M. Rennell," 1842; "Nouvelle Biographic Ge'ne'rale;" "Monthly
Review" for December, iSoo.

Rennell, (THOMAS,) an English portrait-painter, bom
in Devonshire in 1718; died in 1788.

Rennell, (THOMAS,) an eloquent English preacher,
born in 1753. He became Dean of Winchester in 1805.
It is said that William Pitt called him the "Demos-
thenes of the pulpit." A volume of his sermons was
published. Died in 1840.

Rennell or Rennel, (THOMAS,) a learned English
theologian, born at Winchester in 1787. He became
vicar of Kensington in 1816, and prebendary of SaliS'
bury in 1823. He wrote several works on theology,
Died in 1824.

Renneville, de, deh rSn'vel', (RENS AUGUSTE CON-
STANTIN,) a French littfratfur, born at Caen about 1650.
He was confined in the Bastille from 1702 to 1713, on a
charge that he was a spy. He wrote a " History of the
Bastille," (1715,) and several poems. Died in 1723.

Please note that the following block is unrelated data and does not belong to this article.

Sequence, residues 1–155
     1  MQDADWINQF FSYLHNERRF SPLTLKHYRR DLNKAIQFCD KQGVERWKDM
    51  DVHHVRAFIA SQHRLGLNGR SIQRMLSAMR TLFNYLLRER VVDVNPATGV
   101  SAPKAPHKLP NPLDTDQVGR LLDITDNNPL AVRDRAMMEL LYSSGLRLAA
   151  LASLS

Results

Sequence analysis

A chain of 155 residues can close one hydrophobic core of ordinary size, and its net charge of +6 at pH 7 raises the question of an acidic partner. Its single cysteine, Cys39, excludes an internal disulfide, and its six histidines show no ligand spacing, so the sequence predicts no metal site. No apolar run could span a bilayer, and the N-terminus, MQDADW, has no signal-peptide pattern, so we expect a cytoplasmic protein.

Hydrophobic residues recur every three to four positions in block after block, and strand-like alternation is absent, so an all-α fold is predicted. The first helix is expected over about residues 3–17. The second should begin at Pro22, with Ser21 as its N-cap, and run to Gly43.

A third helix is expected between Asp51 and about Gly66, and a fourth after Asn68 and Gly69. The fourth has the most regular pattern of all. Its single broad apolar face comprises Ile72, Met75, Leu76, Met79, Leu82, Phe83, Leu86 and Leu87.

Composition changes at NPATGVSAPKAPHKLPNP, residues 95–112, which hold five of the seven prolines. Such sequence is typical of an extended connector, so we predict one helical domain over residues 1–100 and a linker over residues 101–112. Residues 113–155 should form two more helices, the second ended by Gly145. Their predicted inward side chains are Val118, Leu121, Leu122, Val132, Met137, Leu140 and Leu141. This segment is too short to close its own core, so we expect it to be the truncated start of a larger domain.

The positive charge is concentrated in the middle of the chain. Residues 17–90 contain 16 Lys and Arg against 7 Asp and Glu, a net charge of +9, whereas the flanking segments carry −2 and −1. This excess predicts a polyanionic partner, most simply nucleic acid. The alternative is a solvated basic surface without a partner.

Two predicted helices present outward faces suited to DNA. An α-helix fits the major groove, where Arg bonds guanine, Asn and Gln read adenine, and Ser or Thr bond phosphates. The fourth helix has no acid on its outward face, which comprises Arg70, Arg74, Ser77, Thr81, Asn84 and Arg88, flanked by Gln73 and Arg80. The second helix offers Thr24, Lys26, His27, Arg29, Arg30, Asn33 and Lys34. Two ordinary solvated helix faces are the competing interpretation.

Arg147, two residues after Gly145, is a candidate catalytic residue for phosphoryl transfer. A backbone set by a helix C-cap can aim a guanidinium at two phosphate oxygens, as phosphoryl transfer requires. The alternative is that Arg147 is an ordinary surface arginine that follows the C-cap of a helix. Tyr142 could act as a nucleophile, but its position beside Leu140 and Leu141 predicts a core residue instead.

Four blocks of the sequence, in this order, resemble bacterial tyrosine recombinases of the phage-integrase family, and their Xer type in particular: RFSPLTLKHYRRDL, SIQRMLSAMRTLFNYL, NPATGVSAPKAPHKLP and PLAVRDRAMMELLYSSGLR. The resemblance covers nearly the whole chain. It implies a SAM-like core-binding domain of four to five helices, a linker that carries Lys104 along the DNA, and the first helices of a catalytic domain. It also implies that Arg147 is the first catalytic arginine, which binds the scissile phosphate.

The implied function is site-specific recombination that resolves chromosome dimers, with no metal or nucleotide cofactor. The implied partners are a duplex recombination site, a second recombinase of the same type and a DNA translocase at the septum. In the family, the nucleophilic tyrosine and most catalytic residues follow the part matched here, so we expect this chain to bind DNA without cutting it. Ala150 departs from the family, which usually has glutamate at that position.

Rennie, ren'ne, (GEORGE,) a civil and mechanica
engineer, born in Surrey in 1791, was a son of John
noticed below. He formed a partnership with his
brother John. They built docks at Deptford, Chatham
and Plymouth, the East and West India Docks at
London, the harbour of Liverpool, and other harbours
They constructed steam-engines for many vessels-of
war and for the steamers of the Peninsular and Orienta
Navigation Company. Among their works are several

ron ships, the dock-gates of Sebastopol, and a number
of railroads. George Rennie wrote treatises " On the

? riction of Solids," and "On Hydraulics." Died in 1866.

Rennie, (JoHN,) a distinguished British civil engineer,

architect, and mechanician, born at Phantassie, in Had-

dingtonshire, Scotland, in June, 1761. He removed to

Condon about 1782, and was first employed ir. the fabri-
cation of steam-engines and other machinery. About
1800 he erected a fine bridge at Kelso. He was after-
wards employed as engineer of many public works,